What is the best age for a child to start taking music lessons? …and which instrument is the best to begin with? According to a recent PBS article, the first five years of life are crucial for brain and motor development and within the first nine years of life, children have a unique “window of opportunity” that makes musical lessons particularly valuable.
Music teachers face countless questions about how young a child can or should start music lessons. But, to be honest, the real concern is not the age of the child. Every single child is unique, and there is no formula for when or how a child should start lessons. Instead, the individual student should be considered. Here are a number of thoughts and considerations to help you assess whether your child is ready for violin, piano or other music lessons, regardless of age.
How do I know if my Child is Ready for Music Lessons?
The first step is to honestly assess your child’s abilities. Not only does a child need to understand basic counting and the alphabet in order to read music, they also need to be mature enough to sit and focus for the appropriate amount of time it takes to participate in a lesson. Experienced, professional teachers are usually able to work through normal attention-span issues and use fun activities to help keep a student interested while learning. We often find for children who have a particularly hard time focusing or staying on task, music lessons can be a great motivation and useful for the child to learn good listening skills. In fact, the discipline of listening, watching, learning and doing, is often very exciting for children, as they feel immediate gratification from little accomplishments…over and over.
What if the Child is not ready yet?
There are several things a parent can start doing from early childhood that can help prepare the child for music lessons. Playing music in the home, while they play or drive in the car… and talking about the instruments you hear on a recording. …It’s a fun way to increase a child’s awareness of the music in your lives. We encourage parents to take their child to see live musical performances too. …A concert violinist or pianist. …a string quartet or orchestra performance… or live music performances at community functions and your house of worship.
Simple musical activities like dancing and drumming to music can help very young children learn to appreciate music while finding their sense of rhythm and tune. Also try simple one-on-one activities that require focus, following directions and patience. These activities do not even have to be music-related. Baking, gardening, and painting are great activities to try.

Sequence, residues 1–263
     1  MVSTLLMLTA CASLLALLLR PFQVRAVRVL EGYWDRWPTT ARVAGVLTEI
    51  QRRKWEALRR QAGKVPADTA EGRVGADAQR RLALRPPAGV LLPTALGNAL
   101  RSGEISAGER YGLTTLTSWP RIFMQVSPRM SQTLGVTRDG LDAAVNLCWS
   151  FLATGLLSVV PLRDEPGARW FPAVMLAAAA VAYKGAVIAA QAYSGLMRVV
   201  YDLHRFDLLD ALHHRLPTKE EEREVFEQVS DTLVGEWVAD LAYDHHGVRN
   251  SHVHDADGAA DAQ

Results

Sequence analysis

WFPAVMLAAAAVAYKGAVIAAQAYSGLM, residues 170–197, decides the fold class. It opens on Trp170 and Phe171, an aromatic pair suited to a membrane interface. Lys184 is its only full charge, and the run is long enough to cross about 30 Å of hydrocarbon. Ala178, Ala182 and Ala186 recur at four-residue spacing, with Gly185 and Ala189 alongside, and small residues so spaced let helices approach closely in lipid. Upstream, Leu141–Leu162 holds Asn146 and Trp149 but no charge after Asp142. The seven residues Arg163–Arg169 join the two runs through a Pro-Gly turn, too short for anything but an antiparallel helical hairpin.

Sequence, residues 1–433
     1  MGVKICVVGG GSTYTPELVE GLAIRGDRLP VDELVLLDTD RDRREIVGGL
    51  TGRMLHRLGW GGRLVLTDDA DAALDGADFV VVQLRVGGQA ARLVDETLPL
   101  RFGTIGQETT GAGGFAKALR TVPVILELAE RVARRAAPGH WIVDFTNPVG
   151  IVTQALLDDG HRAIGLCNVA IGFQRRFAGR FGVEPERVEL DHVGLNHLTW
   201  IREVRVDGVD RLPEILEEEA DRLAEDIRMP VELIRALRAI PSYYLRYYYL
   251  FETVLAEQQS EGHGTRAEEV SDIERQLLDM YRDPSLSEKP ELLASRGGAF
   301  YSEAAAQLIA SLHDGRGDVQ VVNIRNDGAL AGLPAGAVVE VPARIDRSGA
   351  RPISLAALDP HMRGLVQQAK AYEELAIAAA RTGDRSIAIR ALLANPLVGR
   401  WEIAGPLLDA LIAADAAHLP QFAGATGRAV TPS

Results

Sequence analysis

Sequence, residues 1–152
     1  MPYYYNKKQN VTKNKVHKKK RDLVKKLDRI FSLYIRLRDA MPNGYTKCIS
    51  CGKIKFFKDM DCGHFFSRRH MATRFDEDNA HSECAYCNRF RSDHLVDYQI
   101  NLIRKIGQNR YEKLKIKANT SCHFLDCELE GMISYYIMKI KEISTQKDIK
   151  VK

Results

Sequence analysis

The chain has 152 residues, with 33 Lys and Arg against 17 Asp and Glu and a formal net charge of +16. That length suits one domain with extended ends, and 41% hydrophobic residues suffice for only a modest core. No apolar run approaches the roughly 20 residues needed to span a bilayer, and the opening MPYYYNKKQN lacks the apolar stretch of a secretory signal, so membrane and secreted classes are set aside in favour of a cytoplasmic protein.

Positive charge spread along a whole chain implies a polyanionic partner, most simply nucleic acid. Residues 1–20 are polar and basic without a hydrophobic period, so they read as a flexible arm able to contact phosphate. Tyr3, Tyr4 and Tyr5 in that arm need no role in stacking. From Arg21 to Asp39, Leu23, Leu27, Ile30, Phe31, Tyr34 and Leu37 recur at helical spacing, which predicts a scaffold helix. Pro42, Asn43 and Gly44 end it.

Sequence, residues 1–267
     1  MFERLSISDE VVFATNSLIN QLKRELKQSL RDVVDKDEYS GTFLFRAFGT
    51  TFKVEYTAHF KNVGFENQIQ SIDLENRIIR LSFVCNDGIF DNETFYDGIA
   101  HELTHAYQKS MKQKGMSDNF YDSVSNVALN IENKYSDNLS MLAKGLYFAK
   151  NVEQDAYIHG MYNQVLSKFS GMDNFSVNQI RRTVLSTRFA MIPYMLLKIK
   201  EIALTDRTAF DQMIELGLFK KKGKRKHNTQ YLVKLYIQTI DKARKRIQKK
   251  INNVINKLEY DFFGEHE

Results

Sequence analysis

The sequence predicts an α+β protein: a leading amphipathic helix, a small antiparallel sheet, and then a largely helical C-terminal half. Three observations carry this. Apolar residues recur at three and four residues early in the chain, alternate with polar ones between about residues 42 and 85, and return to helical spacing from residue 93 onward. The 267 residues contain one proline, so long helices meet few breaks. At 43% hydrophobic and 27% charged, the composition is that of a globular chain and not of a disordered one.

Which Instrument is Best for a Child to Begin With?
Think about what other musical experiences your child has had and talk to them about where their interests lie. …think about what instrument your child is drawn to. If your child is very young, they most likely will not form a very solid opinion. We suggest exposing your child to different instruments and trying to see what they are most drawn to. Typically, children can begin violin or piano lessons as young as 5 years old.
A child’s physical size and strength normally preclude them from beginning guitar or drum lessons until they are about 7 or 8 years old. Woodwind instruments like the flute, clarinet and saxophone or brass instruments like the trumpet or trombone are not typically taught to children under the age of 9 or 10.
It is worth noting that some parents prefer that their child learn piano first, because piano lays a very solid foundation for future music studies. This can be a great way for a child to learn overarching musical concepts before starting a more difficult instrument. However, as noted before, some parents realize that their child is more drawn to the violin and would be more motivated starting violin lessons.
Moreover, some children can take on two instruments (piano and violin, for example), while others would become overwhelmed. Parents should also recognize, the younger the child is, the more effort will be required to help the child with their lessons, whether it be moral support, encouragement or assistance with practice.
While age is a factor in deciding when a child should start music lessons, it is not the most important factor. These fundamentals should go a long way in helping you determine if your child is ready to start lessons and which instrument will be the best choice. Make sure to contact us if you have any more questions!